October 04, 2022

Linear Pair of AnglesDefinition, Axiom, Examples

The linear pair of angles is an important concept in geometry. With so many real-world uses, you'd be surprised to figure out how relevant this figure can be. While you might think it has no use in your life, we all should understand the ideas to nail those examinations in school.

To save your time and make this information easily accessible, here is an introductory insight into the properties of a linear pair of angles, with images and examples to guide with your personal study sessions. We will also talk about some real-world and geometric applications.

What Is a Linear Pair of Angles?

Linearity, angles, and intersections are concepts that remain to be relevant as you go forward in geometry and more complex theorems and proofs. We will answer this question with a simple explanation in this unique point.


A linear pair of angles is the name given to two angles that are located on a straight line and have the sum of their angles measure 180 degrees.

To put it easily, linear pairs of angles are two angles that are adjacent on the same line and pair up to form a straight line. The total of the angles in a linear pair will always produce a straight angle equivalent
times to 180 degrees.

It is essential to keep in mind that linear pairs are at all times at adjacent angles. They share a common apex and a common arm. This suggests that they always form on a straight line and are at all times supplementary angles.

It is important to clarify that, although the linear pair are constantly adjacent angles, adjacent angles never constantly linear pairs.

The Linear Pair Axiom

Through the definition clarified, we will study the two axioms critical to fully comprehend any example provided to you.

Let’s start by defining what an axiom is. It is a mathematical postulate or hypothesis that is accepted without proof; it is deemed clear and self-evident. A linear pair of angles has two axioms linked with them.

The first axiom establishes that if a ray is located on a line, the adjacent angles will form a straight angle, making them a linear pair.

The second axiom establishes that if two angles makes a linear pair, then uncommon arms of both angles produces a straight angle between them. This is commonly called a straight line.

Examples of Linear Pairs of Angles

To visualize these axioms better, here are a few diagram examples with their respective answers.

Example One

As we can see in this instance, we have two angles that are next to each other. As you can see in the diagram, the adjacent angles form a linear pair due to the fact that the total of their measurement equals 180 degrees. They are also supplementary angles, because they share a side and a common vertex.

Angle A: 75 degrees

Angle B: 105 degrees

Sum of Angles A and B: 75 + 105 = 180

Example Two

In this example, we possess two lines intersect, making four angles. Not all angles creates a linear pair, but each angle and the one close to it makes a linear pair.

∠A 30 degrees

∠B: 150 degrees

∠C: 30 degrees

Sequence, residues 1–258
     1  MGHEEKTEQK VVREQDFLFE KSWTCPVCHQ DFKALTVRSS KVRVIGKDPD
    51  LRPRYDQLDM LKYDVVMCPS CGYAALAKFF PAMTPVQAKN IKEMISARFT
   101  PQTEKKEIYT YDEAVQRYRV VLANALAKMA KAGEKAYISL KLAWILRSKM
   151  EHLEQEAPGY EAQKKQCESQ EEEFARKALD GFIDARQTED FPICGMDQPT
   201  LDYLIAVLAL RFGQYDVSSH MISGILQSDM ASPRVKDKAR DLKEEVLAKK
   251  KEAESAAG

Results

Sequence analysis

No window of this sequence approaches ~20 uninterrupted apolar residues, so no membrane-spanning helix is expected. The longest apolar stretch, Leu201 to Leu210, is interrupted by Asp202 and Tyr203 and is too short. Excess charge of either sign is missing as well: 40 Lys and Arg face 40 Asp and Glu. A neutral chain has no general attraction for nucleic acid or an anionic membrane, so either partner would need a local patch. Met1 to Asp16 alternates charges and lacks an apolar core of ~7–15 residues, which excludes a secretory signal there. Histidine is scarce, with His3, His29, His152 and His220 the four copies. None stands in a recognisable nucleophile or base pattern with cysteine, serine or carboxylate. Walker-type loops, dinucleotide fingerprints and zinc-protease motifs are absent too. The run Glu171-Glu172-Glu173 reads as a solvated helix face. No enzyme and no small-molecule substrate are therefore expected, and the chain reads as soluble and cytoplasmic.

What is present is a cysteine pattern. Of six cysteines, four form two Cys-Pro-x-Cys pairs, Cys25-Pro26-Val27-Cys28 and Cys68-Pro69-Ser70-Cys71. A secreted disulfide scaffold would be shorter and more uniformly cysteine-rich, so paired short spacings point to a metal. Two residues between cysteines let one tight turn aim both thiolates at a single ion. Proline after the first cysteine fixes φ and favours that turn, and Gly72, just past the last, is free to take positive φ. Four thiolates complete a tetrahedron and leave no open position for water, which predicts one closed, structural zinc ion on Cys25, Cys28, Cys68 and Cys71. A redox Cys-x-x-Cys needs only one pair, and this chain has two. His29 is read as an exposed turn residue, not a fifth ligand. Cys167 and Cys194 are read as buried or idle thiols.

∠D: 150 degrees

In this case, the linear pairs are:

∠A and ∠B

∠B and ∠C

∠C and ∠D

∠D and ∠A

Example Three

This example represents a common point of three lines. Let's look at the axiom and properties of linear pairs.

∠A 150 degrees

∠B: 50 degrees

∠C: 160 degrees

None of the angle combinations add up to 180 degrees. As a consequence, we can come to the conclusion that this image has no linear pair until we expand one straight line.

Applications of Linear Pair of Angles

Now that we have gone through what linear pairs are and have observed some cases, let’s understand how this theorem can be implemented in geometry and the real world.

In Real-World Situations

There are several implementations of linear pairs of angles in real-world. One familiar case is architects, who utilize these axioms in their daily work to check if two lines are perpendicular and form a straight angle.

Construction and Building professionals also employ masters in this matter to make their work less complex. They use linear pairs of angles to make sure that two adjacent walls form a 90-degree angle with the floor.

Engineers also uses linear pairs of angles frequently. They do so by calculating the pressure on the beams and trusses.

In Geometry

Linear pairs of angles also play a role in geometry proofs. A common proof that uses linear pairs is the alternate interior angles theorem. This theorem states that if two lines are parallel and intersected by a transversal line, the alternate interior angles formed are congruent.

The proof of vertical angles also depends on linear pairs of angles. Even though the adjacent angles are supplementary and sum up to 180 degrees, the opposite vertical angles are at all times equal to one another. Because of these two rules, you are only required to figure out the measure of one angle to determine the measure of the rest.

The concept of linear pairs is also utilized for more sophisticated implementation, such as working out the angles in polygons. It’s critical to grasp the basics of linear pairs, so you are ready for more complex geometry.

As you can see, linear pairs of angles are a somewhat easy concept with few interesting applications. Later when you're out and about, see if you can spot some linear pairs! And, if you're taking a geometry class, bear in mind how linear pairs may be useful in proofs.

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